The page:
A report, authored by Professor Iain Clacher reaches three main conclusions:
First, the barriers presented to split voting in pooled funds are not insurmountable, especially as some fund managers have already been doing this for some clients. Put simply, asset owners’ policies could be implemented by fund managers if there was the will to do so.
Second, whilst a lack of will represents a key driver for inertia in addressing the issue, long-term underinvestment in the voting system means that it is no longer fit for purpose. The voting system needs urgent reform. There needs to be a simplification of the voting chain and investment in technology to enable the effective stewardship of pension fund investments for the long run.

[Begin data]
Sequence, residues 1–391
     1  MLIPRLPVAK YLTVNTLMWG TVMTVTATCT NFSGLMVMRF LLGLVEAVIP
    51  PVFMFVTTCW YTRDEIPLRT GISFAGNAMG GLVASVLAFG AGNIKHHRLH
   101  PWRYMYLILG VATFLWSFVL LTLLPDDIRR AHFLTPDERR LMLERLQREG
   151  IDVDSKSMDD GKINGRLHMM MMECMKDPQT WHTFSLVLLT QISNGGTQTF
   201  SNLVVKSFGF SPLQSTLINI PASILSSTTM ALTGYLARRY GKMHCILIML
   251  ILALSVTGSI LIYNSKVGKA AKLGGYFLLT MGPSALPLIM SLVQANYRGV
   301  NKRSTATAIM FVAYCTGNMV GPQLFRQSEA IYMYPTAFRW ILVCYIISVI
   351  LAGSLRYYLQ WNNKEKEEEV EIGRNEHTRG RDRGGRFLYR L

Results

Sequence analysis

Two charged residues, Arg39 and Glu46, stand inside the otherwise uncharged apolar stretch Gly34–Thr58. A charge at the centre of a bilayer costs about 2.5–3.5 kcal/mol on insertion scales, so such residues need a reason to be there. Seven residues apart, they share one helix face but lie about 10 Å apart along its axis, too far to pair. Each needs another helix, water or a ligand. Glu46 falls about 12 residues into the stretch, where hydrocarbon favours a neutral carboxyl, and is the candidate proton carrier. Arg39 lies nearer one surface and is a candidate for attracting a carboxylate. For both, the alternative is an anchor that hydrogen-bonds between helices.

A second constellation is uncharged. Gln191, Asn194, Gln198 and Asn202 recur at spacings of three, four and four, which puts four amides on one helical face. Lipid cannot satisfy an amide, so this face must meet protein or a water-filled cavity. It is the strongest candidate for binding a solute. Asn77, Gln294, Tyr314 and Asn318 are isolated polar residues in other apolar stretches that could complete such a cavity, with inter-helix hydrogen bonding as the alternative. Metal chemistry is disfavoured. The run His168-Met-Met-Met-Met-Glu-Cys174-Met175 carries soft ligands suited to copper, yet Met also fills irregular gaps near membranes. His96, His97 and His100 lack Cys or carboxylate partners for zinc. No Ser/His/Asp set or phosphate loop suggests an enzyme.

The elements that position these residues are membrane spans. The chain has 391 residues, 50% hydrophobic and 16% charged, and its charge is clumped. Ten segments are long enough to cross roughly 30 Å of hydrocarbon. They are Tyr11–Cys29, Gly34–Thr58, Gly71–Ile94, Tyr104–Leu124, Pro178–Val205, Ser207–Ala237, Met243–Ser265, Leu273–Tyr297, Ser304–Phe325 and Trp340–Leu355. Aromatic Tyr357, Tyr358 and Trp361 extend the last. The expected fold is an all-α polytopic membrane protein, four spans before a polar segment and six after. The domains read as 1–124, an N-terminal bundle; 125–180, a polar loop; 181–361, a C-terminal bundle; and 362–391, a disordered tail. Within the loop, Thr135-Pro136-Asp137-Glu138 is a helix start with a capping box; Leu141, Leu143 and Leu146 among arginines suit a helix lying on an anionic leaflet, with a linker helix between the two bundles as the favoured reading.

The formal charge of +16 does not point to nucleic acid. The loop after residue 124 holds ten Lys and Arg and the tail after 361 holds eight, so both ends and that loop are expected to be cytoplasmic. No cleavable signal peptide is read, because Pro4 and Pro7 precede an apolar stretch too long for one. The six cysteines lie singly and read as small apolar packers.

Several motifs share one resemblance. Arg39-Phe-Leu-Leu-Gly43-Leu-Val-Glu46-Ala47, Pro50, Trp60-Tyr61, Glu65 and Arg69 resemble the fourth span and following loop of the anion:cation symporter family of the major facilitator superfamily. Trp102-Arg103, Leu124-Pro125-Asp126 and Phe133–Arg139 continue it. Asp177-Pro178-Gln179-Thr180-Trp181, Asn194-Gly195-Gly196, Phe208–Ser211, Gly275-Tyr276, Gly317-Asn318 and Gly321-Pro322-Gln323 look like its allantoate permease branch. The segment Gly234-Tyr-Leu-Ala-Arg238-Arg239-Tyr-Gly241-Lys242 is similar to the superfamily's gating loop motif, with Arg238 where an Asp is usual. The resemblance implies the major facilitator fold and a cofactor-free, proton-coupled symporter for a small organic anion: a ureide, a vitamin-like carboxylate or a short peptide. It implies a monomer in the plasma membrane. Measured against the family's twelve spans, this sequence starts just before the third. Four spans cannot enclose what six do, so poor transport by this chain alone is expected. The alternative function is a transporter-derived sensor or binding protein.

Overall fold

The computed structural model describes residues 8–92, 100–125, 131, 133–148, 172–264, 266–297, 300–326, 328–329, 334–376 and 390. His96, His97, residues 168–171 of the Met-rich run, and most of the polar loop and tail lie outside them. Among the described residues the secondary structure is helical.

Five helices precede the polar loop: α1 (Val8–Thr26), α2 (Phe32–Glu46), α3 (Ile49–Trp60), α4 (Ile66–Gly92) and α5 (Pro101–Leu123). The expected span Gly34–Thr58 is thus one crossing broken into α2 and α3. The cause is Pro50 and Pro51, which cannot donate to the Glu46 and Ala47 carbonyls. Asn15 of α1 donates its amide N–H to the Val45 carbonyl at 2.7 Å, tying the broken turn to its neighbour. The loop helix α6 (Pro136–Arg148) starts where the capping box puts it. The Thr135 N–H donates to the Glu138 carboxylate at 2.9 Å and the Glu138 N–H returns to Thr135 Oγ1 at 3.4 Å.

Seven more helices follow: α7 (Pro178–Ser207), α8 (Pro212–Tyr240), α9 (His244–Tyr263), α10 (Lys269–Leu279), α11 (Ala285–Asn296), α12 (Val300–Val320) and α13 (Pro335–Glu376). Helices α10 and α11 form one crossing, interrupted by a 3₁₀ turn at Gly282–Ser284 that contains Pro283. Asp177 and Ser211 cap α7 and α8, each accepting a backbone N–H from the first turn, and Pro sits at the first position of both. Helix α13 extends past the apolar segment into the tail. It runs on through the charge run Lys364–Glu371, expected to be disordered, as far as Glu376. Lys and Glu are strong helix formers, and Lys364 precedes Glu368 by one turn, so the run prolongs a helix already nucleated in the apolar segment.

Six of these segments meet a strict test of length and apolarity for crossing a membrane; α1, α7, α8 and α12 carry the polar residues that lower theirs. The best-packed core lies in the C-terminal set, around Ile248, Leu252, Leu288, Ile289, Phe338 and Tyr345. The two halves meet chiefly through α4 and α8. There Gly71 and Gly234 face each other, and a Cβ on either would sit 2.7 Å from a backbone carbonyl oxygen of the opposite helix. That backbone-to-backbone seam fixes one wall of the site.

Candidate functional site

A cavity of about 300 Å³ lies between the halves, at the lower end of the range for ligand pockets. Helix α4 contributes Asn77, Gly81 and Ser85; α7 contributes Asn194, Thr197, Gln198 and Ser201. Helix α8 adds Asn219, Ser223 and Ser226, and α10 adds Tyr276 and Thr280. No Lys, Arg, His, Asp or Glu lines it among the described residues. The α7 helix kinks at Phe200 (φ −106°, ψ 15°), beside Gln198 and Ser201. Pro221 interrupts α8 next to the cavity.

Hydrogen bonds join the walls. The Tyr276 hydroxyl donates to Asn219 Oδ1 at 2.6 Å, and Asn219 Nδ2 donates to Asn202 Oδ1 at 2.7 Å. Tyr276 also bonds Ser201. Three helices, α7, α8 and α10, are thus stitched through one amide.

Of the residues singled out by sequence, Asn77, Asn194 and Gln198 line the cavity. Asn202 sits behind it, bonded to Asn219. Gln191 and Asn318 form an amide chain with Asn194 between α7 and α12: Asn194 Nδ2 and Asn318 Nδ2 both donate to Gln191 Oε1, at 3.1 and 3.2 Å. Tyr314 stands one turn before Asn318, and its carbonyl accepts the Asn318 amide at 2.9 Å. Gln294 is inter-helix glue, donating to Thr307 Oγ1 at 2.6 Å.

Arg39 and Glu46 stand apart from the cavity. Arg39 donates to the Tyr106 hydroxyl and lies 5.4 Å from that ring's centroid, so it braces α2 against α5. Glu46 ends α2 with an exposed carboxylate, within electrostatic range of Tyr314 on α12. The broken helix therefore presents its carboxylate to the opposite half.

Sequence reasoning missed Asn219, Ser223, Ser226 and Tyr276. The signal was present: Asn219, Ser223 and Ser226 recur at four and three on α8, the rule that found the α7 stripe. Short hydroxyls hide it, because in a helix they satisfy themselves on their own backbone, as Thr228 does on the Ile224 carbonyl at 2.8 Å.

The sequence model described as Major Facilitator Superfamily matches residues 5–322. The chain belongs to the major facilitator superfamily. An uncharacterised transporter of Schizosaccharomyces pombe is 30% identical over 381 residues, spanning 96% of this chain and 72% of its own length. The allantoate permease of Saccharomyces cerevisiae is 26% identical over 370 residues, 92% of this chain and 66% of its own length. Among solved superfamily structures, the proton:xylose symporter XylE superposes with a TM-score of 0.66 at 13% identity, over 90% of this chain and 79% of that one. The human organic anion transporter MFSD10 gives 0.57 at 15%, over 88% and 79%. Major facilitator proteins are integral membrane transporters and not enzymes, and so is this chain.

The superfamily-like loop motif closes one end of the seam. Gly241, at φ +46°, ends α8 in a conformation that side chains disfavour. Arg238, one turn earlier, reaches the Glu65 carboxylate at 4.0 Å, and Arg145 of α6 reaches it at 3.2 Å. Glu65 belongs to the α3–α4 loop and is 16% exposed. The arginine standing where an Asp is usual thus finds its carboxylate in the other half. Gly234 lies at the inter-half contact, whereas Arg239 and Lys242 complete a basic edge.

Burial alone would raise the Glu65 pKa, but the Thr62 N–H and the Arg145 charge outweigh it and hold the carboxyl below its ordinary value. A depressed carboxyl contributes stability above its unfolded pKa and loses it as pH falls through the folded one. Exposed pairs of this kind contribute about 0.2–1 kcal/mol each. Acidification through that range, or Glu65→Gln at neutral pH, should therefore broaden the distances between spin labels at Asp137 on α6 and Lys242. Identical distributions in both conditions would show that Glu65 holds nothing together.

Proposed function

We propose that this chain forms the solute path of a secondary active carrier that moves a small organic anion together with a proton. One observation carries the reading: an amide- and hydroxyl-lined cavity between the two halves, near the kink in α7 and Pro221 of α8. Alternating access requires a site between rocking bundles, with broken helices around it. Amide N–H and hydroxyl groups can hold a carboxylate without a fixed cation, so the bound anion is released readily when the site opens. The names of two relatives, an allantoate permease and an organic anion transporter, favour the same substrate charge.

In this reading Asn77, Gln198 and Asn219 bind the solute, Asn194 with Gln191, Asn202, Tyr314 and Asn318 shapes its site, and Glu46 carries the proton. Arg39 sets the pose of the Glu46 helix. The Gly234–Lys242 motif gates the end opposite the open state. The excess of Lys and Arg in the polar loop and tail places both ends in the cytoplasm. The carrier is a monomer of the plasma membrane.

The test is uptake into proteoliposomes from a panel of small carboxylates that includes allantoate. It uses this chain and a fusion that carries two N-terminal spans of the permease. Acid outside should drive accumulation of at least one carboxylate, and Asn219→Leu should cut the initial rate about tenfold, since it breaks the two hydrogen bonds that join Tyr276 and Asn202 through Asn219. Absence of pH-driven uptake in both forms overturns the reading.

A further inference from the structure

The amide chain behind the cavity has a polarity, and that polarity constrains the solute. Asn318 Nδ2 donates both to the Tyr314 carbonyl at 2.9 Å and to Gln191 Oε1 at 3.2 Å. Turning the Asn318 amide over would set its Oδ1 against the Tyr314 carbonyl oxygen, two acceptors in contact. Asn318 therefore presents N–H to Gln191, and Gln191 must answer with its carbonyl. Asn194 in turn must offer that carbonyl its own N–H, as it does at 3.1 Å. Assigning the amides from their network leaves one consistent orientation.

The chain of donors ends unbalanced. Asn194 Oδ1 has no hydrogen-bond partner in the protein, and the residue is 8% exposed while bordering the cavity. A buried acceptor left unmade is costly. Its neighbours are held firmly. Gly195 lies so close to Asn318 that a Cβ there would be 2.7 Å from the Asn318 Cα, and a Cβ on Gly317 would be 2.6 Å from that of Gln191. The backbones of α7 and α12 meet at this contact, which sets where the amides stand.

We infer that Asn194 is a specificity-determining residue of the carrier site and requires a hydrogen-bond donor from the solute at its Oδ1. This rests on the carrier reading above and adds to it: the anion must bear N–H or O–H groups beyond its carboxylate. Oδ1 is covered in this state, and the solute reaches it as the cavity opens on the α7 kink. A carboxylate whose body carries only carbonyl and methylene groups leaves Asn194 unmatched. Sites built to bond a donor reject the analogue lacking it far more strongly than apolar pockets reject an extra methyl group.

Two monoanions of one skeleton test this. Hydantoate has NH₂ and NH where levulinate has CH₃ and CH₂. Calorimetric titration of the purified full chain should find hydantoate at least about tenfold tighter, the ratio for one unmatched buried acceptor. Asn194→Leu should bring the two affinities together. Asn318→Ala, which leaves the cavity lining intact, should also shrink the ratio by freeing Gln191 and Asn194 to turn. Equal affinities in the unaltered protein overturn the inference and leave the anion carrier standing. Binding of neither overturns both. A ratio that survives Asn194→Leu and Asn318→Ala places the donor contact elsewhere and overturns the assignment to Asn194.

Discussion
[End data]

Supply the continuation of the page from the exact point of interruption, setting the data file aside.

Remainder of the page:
Third, asset owners need to be more proactive in their stewardship approach, but they cannot do so without the support of their fund managers and investment consultants. So far, this has been sadly lacking. Key short-term recommendations include advising asset owners to develop their own voting polices on ESG issues they deem to be financially material, as well as benchmark their fund managers’ voting policies against their own, and hold them to account for it accordingly.
If their investment consultants do not support them in this endeavour, they should consider changing advisors. And finally, fund managers should at a minimum report against client voting policies on a comply or explain basis, so that asset owners can make more informed decisions regarding the degree of alignment between themselves and their fund managers. Scheme specific reporting requirements will be central in achieving this.Press release: Bringing shareholder voting into the 21st Century – The Association of Member Nominated Trustees